An Illustrated Guide to Cryptographic Hashes

    Date 23 Aug 2004
    Category Cryptography
    4654
    Posted By Anthony Pell
    With the recent news of weaknesses in some common security algorithms (MD4, MD5, SHA-0), many are wondering exactly what these things are: They form the underpinning of much of our electronic infrastructure, and in this Guide we'll try to give an overview of what they are and how to understand them in the context of the recent developments. . . .
    With the recent news of weaknesses in some common security algorithms (MD4, MD5, SHA-0), many are wondering exactly what these things are: They form the underpinning of much of our electronic infrastructure, and in this Guide we'll try to give an overview of what they are and how to understand them in the context of the recent developments.

    But note: though we're fairly strong on security issues, we are not crypto experts. We've done our best to assemble (digest?) the best available information into this Guide, but we welcome being pointed to the errors of our ways.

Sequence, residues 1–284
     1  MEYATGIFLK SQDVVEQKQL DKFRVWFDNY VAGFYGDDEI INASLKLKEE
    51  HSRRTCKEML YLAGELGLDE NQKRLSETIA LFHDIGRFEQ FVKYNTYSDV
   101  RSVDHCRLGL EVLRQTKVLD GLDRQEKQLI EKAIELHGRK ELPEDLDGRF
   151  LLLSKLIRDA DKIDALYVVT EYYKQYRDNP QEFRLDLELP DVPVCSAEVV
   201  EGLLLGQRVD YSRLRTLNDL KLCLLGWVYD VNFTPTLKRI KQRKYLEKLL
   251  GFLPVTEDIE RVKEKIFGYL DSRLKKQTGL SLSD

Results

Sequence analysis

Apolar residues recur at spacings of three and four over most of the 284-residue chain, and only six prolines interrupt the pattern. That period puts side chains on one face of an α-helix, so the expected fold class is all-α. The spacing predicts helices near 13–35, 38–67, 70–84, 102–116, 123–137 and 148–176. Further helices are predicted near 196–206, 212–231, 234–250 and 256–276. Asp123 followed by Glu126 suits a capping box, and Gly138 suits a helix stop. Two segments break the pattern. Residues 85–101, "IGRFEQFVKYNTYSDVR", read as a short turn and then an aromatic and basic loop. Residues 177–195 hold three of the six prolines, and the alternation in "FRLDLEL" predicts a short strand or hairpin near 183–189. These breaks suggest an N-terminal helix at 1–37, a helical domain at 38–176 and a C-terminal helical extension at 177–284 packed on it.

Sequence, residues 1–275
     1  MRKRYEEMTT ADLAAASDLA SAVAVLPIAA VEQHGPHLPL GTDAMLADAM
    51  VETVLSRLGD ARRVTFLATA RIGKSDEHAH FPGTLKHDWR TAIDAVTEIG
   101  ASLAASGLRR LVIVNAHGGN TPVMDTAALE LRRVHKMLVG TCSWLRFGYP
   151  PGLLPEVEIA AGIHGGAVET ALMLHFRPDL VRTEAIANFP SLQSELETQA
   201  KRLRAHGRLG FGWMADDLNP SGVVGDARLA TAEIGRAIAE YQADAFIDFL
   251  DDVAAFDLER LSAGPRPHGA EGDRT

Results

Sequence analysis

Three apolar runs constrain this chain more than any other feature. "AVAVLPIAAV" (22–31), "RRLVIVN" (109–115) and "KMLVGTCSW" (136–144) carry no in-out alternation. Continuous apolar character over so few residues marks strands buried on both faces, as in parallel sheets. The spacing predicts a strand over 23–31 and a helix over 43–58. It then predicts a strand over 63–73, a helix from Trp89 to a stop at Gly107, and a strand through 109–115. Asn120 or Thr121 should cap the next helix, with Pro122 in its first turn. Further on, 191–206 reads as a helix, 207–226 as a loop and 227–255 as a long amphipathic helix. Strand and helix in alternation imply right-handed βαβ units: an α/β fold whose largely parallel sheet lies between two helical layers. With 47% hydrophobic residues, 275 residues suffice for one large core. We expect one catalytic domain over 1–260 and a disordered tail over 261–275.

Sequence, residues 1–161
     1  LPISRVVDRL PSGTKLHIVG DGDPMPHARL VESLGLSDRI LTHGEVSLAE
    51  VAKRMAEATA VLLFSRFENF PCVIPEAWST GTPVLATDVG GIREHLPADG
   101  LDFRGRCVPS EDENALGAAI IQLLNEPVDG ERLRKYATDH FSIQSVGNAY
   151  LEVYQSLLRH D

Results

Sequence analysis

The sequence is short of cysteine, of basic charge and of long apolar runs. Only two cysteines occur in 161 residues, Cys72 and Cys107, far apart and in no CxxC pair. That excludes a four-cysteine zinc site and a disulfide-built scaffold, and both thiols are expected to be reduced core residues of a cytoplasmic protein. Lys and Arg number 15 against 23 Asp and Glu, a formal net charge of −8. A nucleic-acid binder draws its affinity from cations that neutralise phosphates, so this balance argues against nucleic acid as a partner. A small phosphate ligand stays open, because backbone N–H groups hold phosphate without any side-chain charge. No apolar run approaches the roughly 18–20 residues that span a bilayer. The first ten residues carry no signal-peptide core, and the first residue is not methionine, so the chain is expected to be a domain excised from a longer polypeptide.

* What is a cryptographic hash?
    A "hash" (also called a "digest", and informally a "checksum") is a kind of "signature" for a stream of data that represents the contents. The closest real-life analog we can think is "a temper-evident seal on a software package": if you open the box (change the file), it's detected.

    Let's first see some examples of hashes at work.

    Many Unix and Linux systems provide the md5sum program, which reads a stream of data and produces a fixed, 128-bit number that summarizes that stream using the popular "MD5" method. Here, the "streams of data" are "files" (two of which we see directly, plus one that's too large to display).

    The link for this article located at unixwiz.net is no longer available.

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